There is a new domain, www.ancestryinstitution.com, for the Family History Library and the Family History Centers to use to get access to the collections available to them by contract. With this new domain name, patrons at the FHL and local FHCs can login to their own personal accounts just like they would from other locations.


Images of Tombstones in Polish Cemeteries
From Gesher Galicia. The web site "Cmentarze Zydowskie w Polsce" (Jewish Cemeteries in Poland) at http://www.kirkuty.xip.pl/indexang.htm features photographs taken at more than 300 Jewish cemeteries in Polish towns. In most cases photos are accompanied by essays describing the cemeteries and the Jewish communities they served. There is an English version of the home page, but most of the town pages are in Polish only. If you click on the thumbnail of a picture, a larger image is provided which often has a legible tombstone inscription. In some cases it appears the photographer filled the inscription with some sort of black material to make more legible.


Revised Edition of Washington Jewish Genealogy Resources Now Available
The fourth edition of Capital Collections: Resources for Jewish Genealogical Research in the Washington, DC Area, is now available. It is published by the Jewish Genealogy Society of Greater Washington. The 104-page guide includes information on the many resources in the Washington area. The latest edition updates existing entries and has added new sites. There is a new section on public transportation, including a map of the DC Metro system.

The cost is $18 + $5 S&H for non-society members and $12 for JGS libraries or JGSGW members. Greater details about the contents of the book as well as ordering information can be found at http://www.jewishgen.org/jgsgw/capital.html.


Annual Jewish Genealogy Trip to Salt Lake City
For the 15th consecutive year, veteran Jewish genealogists Gary Mokotoff and Eileen Polakoff will be offering a research trip to the LDS (Mormon) Family History Library in Salt Lake City from October 18-October 25, 2007. To date, more than 350 Jewish genealogists from the U.S., Canada, South America, Israel, Australia and Europe have taken advantage of this program. The group size is limited to 40 people and more than 20 alumni have already signed up.

The program offers genealogists the opportunity to spend an entire week of research at the Library under the guidance and assistance of professional genealogists who have made more than a three dozen trips to Salt Lake City. Each attendee has access to trip leaders every day except Sunday from 9:00 a.m. to 5:00 p.m. at the Library for on-site assistance and personal consultations. There is also a planned program that includes a three-hour class on day of arrival introducing the participants to the facilities and resources of the Family History Library in addition to a mid-week informal group discussion of progress and problem-solving. For those new to genealogy, a beginners workshop on the first morning of the trip will introduce them to the wonderful world of Hamburg immigration lists, U.S. passenger arrival lists, naturalization records and census records. A copy of the book, Your Guide to the Family History Library, is part of the pre-trip literature.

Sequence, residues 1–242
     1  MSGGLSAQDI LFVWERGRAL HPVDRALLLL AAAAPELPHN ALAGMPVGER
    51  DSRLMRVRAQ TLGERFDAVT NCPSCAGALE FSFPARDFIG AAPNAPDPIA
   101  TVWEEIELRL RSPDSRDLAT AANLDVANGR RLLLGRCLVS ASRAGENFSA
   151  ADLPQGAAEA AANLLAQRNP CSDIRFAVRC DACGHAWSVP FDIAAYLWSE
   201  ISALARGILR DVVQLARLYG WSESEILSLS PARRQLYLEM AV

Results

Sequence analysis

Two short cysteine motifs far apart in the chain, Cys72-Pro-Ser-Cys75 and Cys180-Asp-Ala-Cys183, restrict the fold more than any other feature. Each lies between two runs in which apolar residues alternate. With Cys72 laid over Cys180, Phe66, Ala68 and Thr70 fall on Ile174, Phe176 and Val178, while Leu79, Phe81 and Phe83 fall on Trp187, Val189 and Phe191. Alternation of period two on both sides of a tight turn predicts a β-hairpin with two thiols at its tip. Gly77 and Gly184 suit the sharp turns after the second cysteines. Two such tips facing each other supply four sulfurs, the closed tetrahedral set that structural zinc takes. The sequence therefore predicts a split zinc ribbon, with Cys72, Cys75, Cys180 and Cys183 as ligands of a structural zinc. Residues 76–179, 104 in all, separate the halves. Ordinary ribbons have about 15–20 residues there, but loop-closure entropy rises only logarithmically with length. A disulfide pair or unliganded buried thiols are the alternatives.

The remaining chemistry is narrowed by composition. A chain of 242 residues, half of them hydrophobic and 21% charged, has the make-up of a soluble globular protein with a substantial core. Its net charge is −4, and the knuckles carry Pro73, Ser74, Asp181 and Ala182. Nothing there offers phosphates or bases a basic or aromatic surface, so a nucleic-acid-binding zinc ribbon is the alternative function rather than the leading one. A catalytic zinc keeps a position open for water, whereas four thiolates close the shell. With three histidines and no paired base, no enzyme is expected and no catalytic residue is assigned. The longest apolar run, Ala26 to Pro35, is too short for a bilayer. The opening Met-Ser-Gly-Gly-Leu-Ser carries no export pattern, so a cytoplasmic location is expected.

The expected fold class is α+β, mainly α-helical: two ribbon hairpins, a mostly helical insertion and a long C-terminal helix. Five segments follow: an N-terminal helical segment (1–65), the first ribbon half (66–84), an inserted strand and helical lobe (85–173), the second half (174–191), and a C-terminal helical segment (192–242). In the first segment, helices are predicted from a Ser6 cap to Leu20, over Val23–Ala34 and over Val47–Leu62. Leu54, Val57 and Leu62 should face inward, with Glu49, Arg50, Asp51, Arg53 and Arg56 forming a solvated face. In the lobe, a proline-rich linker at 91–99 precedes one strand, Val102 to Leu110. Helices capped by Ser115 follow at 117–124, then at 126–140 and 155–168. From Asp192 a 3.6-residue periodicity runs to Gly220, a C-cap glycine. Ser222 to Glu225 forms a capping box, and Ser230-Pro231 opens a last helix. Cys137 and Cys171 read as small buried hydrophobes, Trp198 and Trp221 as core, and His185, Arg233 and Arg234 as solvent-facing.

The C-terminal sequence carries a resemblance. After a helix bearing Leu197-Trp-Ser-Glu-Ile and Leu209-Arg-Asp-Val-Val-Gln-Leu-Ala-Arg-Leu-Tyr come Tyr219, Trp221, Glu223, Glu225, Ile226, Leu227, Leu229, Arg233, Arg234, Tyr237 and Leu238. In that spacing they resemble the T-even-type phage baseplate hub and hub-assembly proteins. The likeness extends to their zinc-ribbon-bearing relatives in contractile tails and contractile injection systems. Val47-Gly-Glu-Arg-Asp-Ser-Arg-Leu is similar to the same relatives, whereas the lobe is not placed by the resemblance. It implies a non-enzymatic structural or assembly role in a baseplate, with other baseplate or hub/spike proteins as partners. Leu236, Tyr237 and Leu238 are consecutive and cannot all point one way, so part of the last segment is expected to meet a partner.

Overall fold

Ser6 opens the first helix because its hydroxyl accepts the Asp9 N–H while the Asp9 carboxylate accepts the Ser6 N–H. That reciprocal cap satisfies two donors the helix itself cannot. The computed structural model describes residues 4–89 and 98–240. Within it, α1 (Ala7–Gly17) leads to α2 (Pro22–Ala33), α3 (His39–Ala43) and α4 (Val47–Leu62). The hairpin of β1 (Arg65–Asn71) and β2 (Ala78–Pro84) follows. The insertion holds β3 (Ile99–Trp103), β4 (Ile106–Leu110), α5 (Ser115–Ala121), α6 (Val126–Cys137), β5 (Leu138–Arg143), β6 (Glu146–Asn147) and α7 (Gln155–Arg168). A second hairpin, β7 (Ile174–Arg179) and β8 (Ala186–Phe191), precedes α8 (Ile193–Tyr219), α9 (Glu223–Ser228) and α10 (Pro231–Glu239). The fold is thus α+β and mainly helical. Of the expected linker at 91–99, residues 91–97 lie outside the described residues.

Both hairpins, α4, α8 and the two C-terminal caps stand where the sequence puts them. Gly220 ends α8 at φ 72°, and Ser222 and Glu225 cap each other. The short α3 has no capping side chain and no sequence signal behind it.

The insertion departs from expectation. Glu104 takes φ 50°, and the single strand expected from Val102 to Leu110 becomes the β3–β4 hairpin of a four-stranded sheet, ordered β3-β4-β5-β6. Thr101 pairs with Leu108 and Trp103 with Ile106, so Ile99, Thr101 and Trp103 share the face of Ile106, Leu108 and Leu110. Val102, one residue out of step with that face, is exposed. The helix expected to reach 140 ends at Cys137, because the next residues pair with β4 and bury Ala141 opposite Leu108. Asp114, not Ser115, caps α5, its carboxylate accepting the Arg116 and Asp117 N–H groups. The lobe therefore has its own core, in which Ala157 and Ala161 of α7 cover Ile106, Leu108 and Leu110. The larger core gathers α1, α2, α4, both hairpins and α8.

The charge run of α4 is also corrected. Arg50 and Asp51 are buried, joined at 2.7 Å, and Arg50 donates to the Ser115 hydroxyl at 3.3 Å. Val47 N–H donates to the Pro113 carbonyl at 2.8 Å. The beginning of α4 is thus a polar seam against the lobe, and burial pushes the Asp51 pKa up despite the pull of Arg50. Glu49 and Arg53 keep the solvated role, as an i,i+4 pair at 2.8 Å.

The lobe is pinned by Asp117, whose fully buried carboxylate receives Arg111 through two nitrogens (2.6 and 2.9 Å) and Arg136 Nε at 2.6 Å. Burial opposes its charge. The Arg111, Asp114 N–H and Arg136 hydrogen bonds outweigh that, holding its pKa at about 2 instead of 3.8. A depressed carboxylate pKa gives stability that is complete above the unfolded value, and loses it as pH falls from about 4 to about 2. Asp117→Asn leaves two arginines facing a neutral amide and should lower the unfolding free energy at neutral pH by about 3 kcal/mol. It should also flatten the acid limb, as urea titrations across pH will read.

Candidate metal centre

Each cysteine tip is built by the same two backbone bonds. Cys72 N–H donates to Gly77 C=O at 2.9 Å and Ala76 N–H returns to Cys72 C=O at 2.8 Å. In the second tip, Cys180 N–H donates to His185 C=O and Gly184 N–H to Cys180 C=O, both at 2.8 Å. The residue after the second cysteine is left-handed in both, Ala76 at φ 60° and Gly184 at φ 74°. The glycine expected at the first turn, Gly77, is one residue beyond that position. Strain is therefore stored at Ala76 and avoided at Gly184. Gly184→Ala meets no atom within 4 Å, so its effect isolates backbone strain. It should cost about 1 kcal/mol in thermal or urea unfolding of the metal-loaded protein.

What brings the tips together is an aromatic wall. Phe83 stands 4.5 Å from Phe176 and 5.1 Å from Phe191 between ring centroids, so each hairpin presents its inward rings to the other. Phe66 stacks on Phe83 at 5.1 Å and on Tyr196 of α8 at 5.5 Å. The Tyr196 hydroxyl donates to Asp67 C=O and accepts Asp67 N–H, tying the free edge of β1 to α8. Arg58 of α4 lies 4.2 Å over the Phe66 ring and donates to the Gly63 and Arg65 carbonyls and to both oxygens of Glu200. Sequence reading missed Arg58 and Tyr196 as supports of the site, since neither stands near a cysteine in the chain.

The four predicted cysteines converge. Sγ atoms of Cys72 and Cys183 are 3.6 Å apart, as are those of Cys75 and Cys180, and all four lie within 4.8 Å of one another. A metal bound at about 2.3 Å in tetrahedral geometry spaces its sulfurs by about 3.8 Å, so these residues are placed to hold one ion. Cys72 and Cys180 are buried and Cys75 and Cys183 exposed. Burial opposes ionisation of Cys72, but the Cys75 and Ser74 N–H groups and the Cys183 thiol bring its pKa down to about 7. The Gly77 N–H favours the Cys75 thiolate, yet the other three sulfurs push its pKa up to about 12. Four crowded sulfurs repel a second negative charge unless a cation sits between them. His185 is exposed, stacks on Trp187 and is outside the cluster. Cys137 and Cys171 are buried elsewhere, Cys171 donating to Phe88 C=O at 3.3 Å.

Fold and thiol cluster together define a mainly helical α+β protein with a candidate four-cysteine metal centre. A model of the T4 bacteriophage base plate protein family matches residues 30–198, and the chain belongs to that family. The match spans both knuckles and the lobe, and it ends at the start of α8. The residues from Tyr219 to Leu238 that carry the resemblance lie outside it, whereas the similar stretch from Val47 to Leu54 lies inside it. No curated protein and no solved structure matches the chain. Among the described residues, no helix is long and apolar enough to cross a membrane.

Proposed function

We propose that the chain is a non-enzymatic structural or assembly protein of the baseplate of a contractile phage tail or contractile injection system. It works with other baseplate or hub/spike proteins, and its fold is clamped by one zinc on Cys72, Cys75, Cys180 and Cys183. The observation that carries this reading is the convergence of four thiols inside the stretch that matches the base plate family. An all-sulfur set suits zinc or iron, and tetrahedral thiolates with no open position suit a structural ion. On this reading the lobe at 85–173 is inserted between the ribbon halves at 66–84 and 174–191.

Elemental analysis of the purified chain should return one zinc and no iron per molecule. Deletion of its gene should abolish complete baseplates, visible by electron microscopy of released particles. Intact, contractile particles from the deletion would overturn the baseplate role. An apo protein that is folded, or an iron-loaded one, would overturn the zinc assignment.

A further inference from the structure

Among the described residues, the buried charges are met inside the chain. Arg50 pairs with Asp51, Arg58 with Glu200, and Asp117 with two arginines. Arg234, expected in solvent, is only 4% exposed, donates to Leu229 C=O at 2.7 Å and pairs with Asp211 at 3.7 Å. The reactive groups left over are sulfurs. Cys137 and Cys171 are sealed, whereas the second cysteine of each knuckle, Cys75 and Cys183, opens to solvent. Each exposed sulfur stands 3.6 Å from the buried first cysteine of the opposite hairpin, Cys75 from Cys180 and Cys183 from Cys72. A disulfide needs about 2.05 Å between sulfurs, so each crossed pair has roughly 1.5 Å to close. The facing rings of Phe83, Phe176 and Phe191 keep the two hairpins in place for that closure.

Social events include a mid-week Sunday brunch for camaraderie and discussion of successes (and failures); attendance at the Sunday morning broadcast of the Mormon Tabernacle Choir; informal group dinners; and group planning parties.

Additional information can be found at http://www.avotaynu.com/slctrip.htm


Translation Guide Tables of Contents Now Available
For those contemplating purchasing the excellent translation guides for Polish and Russian written by Jonathan Shea and William Hoffman, Avotaynu has published the Tables of Contents for each of the books at our web site. The newly revised Polish translation guide is at http://www.avotaynu.com/books/ITW-Polish.htm. The Russian translation guide is at http://www.avotaynu.com/books/ITW-Russian.htm.

Help Grow the Shoah Victims’ Names Database
Yad Vashem wants volunteers who are willing to contact local institutions and individuals to grow the Shoah Victims Database whose principal documents are Pages of Testimony. With the aid of promotional materials Yad Vashem has developed, volunteers will reach out to survivors and their families and assist them in registering the names of Jews who they know were murdered in the Shoah. This will be done through synagogues, Holocaust centers, Jewish Community Centers, Jewish student organizations, senior centers and social service agencies. To volunteer send your name, address, phone number and e-mail address to names.outreach@yadvashem.org.il with the subject heading "Names Volunteer"

To submit a Page of Testimony, there is a link on the left portion of the screen from the Basic Search page at http://www.yadvashem.org/lwp/workplace/IY_HON_Welcome. Click the words “Submit Additional Names.”